Subsea Meets Space the first ever North American demonstration of Sabertooth Double Hull

Between 12-17 November, Underwater Systems was on location at NASA for a technology symposium in Houston, Texas. The symposium comprised both seminars and product demonstrations of the underwater vehicle - Seaeye Sabertooth.

The product demos took place in NASA´s Neutral Buoyancy Laboratory (NBL), in Houston. NBL is one of the world's largest indoor test tanks and measures 60 x 30 x 12 metres with the capacity to hold approx. 23.5 million litres of water. Dynamics business unit Underwater Systems was on-site to participate in the symposium arranged by the American company OneSubsea, which focused on the future of offshore oil and gas extraction. Around fifty companies took part in the symposium which saw demonstrations from companies such as Shell, ExxonMobil, Chevron, BP, Technip, Woods Hole Oceanographic Inst., US Navy, ConocoPhillips, Schlumberger and Cameron, to name just a few.

"There was a great deal of interest and we were forced to limit the number of participants from companies wanting to attend," says Bert Johansson, Sales Director, Unmanned Underwater Systems.

Well-attended seminars were held over the days on a range of topics such as AUV Technology, Ocean Research and Space Exploration. Underwater Systems served as the sole organiser for two of the days, during which the focus was on demonstrating Seaeye Sabertooth.  A workshop arranged by Saab was also held on one of the days with British Petroleum (BP), who were afforded the opportunity to pose questions to the team from Underwater Systems.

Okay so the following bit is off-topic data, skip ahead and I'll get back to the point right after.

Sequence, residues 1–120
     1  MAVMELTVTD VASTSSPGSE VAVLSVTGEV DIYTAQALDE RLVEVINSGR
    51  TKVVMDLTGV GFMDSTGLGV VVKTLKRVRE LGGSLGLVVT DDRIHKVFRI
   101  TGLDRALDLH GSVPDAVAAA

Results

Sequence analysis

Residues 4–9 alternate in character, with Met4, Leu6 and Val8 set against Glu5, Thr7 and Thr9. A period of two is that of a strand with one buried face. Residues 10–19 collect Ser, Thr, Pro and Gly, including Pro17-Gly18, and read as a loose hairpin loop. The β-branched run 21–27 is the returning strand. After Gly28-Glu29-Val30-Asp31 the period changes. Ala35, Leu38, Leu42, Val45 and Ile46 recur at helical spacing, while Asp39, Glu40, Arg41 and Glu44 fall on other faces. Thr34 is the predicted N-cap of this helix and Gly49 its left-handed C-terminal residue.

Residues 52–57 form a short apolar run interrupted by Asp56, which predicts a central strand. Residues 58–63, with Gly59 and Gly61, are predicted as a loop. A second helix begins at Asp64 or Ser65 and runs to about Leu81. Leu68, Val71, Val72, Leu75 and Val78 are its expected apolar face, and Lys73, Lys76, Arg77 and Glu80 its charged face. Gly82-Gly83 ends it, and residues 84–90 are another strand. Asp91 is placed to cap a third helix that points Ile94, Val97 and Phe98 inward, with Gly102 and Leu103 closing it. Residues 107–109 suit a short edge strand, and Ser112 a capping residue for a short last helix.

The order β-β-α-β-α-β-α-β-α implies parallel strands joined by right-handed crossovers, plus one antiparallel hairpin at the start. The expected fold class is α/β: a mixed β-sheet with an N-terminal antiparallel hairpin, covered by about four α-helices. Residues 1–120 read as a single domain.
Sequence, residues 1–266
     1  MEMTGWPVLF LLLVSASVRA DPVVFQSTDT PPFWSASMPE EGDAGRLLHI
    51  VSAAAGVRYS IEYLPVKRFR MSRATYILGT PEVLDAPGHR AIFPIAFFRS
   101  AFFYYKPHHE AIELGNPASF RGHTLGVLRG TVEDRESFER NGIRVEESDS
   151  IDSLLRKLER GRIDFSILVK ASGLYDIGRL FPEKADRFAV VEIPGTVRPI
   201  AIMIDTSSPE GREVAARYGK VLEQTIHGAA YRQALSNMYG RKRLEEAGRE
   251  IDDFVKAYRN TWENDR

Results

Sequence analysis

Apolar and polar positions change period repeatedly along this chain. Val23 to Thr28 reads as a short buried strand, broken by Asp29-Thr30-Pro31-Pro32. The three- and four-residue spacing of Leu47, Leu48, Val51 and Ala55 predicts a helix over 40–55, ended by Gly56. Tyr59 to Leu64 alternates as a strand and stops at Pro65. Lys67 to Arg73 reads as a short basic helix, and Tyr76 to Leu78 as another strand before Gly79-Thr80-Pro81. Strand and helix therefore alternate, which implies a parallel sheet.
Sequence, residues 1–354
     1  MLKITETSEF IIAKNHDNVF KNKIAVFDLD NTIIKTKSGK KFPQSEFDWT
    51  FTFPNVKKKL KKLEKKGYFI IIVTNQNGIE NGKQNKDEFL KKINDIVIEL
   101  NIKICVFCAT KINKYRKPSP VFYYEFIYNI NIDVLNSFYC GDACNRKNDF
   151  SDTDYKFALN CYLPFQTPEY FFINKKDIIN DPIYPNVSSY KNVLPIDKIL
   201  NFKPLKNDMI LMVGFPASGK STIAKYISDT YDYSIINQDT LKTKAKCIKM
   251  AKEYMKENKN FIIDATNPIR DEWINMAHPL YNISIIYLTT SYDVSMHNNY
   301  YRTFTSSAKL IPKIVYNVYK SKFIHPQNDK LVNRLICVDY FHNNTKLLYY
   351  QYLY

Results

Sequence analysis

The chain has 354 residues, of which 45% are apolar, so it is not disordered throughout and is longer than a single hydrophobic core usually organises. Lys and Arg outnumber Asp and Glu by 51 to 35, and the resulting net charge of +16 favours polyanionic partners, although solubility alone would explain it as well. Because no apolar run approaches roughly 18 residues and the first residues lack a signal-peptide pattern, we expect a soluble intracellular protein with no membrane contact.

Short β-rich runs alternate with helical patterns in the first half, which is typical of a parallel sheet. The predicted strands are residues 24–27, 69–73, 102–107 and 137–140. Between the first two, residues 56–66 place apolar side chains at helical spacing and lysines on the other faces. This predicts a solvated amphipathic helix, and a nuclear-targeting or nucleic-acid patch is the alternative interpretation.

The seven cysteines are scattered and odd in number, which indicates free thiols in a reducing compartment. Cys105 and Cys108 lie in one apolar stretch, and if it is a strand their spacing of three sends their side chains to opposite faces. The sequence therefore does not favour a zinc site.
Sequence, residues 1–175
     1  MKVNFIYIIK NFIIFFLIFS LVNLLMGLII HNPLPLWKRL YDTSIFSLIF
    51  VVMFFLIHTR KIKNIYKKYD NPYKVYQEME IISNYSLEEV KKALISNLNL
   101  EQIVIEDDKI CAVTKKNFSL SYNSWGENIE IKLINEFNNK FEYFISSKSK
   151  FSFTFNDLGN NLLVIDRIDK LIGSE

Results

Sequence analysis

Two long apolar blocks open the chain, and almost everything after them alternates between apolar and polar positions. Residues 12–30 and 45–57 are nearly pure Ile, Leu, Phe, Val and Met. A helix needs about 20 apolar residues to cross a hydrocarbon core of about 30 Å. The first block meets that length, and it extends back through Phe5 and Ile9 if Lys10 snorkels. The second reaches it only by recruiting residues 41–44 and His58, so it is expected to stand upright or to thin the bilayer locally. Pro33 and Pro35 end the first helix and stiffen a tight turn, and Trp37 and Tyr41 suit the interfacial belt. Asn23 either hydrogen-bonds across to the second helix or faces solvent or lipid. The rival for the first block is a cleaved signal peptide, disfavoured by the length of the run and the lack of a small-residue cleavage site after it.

"The days provided us with many good opportunities to meet customers and to gain more insight into the specific requirements they have," says Agneta Kammeby, Head of Business Unit Underwater Systems. "It is very rare for us to be able to meet with between 120 and 130 customers from 50 companies from the USA, Europe and South America one-on-one in this way and in this type of environment."

Demonstration of Seaeye Sabertooth

Showcased during the demonstration were Sabertooth's autonomous capabilities, the vehicles capacity to be manually controlled via an underwater optical communications link and its ability to, without physical contact, transmit data and video through the water. Something that has never been demonstrated before. The participants got the chance to see and learn more about Sabertooth and a presentation of the system was given by Bert Johansson, who guided the visitors through Sabertooth's exhibition programme. They were also provided an opportunity to ask questions during the demonstration. The demonstrations were conducted in collaboration with Sonardyne, who provided the optical link. In addition to Sabertooth's underwater demonstration in the tank, it was also exhibited on the ground for a close-up inspection.

"We demonstrated Sabertooth and its capabilities in NASA's test tank where a full-scale version of the International Space Station, ISS, loomed in the background and where, at the same time, astronauts trained for their missions. It was a resounding success and the environment is fantastic. The fact that we, for the first time, were able to demonstrate Sabertooth’s ability to transmit autonomously collected data from the onboard computer directly to the surface via the optical link was something that also greatly impressed the visitors," says Bert Johansson.

In conjunction with the seminar, Underwater Systems had an exhibit with models of Sabertooth, Falcon and Cougar on display.

"It has been some very interesting days and it is obvious that Sabertooth stands up well to the competition. No one could be anything but impressed with what it could do in the water," says Sven-Inge Svensson, Head of Saab Seaeye SE.

Business Unit Underwater Systems include the development and production of civil and military unmanned underwater vehicles and underwater weapons. The product portfolio includes products such as remotely operated vehicles (ROV), autonomous underwater vehicles (AUV) and hybrids as well as torpedoes and underwater sensors.